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4.
Glob Health Res Policy ; 6(1): 36, 2021 09 30.
Article in English | MEDLINE | ID: covidwho-1440961

ABSTRACT

BACKGROUND: The highly contagious nature of the severe acute respiratory syndrome coronavirus 2 (SARS-CoV-2) places physicians in South Asia at high risk of contracting the infection. Accordingly, we conducted this study to provide an updated account of physician deaths in South Asia during the COVID-19 pandemic and to analyze and compare the different characteristics associated with physician mortality amongst the countries of the region. METHODS: We performed a cross-sectional study by using published news reports on the websites of news agencies from 9 selected countries in South Asia. Our study included only those physicians and doctors who died after contracting COVID-19 from their respective workplaces. All available data about the country of origin, type of, sex, age, medical or surgical specialty, and date of death were included. RESULTS: The total number of physician deaths reported due to COVID-19 in our study was 170, with half (87/170, 51%) of the deaths reported from Iran. Male physician deaths were reported to be 145 (145/170 = 85%). Internal Medicine (58.43%) was the most severely affected sub-specialty. The highest physician mortality rate in the general population recorded in Afghanistan (27/1000 deaths). General physicians from India [OR = 11.00(95% CI = 1.06-114.08), p = 0.045] and public sector medical practitioners from Pakistan [aOR = 4.52 (95% CI = 1.18-17.33), p = 0.028] were showing significant mortality when compared with other regions in multivariate logistic regression. CONCLUSION: An increased number of physician deaths, owing to COVID-19, has been shown in South Asia. This could be due to decreased personal protective equipment and the poor health care management systems of the countries in the region to combat the pandemic. Future studies should provide detailed information of characteristics associated with physician mortalities along with the main complications arising due to the virus.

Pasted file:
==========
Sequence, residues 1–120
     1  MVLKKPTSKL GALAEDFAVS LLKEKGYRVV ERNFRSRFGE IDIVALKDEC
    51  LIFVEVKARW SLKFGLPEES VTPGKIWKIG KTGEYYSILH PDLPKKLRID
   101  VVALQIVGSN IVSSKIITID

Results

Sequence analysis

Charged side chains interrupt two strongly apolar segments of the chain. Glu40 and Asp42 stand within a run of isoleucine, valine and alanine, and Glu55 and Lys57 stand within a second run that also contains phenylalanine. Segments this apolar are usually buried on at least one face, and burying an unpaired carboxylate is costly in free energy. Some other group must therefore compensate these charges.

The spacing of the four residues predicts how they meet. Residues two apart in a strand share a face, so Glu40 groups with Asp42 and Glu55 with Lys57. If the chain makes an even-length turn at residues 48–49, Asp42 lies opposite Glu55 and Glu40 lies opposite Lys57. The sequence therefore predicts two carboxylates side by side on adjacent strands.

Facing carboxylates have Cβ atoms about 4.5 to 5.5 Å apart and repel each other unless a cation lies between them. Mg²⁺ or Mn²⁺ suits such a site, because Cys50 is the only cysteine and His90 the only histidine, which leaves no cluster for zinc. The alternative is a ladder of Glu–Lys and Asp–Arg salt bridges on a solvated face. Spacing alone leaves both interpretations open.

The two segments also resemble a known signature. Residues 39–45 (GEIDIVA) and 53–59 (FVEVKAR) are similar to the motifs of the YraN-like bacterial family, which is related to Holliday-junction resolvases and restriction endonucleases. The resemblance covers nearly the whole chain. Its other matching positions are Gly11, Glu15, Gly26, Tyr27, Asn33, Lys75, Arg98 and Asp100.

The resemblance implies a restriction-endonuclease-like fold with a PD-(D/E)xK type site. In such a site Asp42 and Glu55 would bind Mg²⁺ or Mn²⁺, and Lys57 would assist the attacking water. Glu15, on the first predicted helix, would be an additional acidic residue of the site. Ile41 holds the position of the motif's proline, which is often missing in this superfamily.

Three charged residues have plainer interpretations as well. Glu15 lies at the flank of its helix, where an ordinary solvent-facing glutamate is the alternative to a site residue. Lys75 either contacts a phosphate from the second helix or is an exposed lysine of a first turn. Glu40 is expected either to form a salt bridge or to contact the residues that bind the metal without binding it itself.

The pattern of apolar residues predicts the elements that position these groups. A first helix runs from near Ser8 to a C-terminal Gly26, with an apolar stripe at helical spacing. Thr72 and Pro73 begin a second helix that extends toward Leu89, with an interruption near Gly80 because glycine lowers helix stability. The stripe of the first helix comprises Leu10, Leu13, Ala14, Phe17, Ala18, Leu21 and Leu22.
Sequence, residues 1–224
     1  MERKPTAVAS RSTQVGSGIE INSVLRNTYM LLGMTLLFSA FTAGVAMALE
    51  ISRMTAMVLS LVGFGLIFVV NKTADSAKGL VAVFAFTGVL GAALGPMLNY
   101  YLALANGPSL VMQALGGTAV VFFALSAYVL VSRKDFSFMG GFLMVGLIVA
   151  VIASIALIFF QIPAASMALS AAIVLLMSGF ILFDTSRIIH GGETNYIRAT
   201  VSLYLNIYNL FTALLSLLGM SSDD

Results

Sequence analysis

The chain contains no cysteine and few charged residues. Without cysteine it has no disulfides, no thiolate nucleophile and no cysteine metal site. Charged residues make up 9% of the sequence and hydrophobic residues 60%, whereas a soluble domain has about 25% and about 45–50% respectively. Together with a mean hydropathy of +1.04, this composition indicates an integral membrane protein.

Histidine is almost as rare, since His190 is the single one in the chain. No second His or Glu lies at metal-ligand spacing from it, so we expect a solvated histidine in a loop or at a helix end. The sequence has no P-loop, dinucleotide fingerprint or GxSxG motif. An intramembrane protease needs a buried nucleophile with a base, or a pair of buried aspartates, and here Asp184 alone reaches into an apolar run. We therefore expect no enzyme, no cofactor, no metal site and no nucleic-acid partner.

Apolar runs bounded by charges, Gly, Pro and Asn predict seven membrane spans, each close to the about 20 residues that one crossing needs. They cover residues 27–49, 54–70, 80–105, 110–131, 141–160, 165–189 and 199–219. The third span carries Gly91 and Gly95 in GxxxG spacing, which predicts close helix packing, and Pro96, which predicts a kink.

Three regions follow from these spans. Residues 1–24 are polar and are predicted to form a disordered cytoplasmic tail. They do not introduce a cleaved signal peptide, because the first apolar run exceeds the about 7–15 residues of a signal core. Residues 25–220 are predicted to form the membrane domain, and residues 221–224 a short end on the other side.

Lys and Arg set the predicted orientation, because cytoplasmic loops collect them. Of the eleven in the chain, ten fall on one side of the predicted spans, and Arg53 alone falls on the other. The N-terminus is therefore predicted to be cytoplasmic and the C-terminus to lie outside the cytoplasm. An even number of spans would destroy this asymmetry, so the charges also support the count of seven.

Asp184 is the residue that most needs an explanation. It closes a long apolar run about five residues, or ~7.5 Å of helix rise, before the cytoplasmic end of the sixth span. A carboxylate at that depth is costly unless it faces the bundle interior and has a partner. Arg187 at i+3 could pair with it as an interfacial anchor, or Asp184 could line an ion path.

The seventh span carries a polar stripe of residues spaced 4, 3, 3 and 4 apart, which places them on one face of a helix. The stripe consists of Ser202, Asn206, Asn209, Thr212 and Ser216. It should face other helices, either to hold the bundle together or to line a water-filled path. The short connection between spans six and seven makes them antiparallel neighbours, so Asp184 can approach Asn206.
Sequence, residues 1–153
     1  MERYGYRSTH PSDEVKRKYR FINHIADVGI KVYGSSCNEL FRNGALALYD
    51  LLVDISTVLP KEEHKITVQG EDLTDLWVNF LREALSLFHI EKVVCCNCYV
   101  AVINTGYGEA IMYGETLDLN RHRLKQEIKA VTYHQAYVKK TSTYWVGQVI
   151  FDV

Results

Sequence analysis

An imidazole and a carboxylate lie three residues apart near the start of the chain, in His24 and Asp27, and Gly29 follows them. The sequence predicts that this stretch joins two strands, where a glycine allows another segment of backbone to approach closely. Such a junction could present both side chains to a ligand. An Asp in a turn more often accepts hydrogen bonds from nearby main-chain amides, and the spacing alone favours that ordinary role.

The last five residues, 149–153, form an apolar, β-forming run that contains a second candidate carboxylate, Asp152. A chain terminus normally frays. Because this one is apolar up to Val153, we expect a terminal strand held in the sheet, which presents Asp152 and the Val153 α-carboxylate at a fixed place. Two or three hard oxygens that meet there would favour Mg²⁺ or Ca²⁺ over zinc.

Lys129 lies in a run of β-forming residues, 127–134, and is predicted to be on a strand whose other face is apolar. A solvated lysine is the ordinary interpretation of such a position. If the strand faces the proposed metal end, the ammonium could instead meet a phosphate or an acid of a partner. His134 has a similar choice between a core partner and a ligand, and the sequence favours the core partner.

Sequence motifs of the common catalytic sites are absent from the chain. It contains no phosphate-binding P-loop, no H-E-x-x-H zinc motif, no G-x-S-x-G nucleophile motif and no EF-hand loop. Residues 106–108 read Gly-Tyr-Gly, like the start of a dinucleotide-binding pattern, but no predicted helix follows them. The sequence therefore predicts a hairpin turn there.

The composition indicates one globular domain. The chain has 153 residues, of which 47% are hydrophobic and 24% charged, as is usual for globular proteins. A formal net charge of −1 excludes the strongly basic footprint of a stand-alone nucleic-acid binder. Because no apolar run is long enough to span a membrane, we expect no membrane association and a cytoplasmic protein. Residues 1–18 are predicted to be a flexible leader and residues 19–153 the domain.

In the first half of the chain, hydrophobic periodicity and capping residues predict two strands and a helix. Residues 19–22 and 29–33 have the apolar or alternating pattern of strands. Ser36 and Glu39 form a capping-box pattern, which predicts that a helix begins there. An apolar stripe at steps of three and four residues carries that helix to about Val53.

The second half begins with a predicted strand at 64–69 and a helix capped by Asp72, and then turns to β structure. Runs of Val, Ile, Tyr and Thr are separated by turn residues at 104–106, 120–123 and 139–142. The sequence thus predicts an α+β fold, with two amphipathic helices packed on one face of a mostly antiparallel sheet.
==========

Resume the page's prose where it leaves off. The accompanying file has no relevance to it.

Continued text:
Subject(s)
COVID-19/mortality , Mortality , Occupational Diseases/mortality , Occupational Exposure/statistics & numerical data , Occupational Health/statistics & numerical data , Physicians/statistics & numerical data , Adult , Afghanistan/epidemiology , Aged , Bangladesh/epidemiology , Bhutan/epidemiology , COVID-19/virology , Cross-Sectional Studies , Female , Global Health/statistics & numerical data , Humans , India/epidemiology , Indian Ocean Islands/epidemiology , Iran/epidemiology , Male , Middle Aged , Nepal/epidemiology , Occupational Diseases/virology , Pakistan/epidemiology , Sri Lanka/epidemiology
8.
Viruses ; 13(7)2021 07 13.
Article in English | MEDLINE | ID: covidwho-1314760

ABSTRACT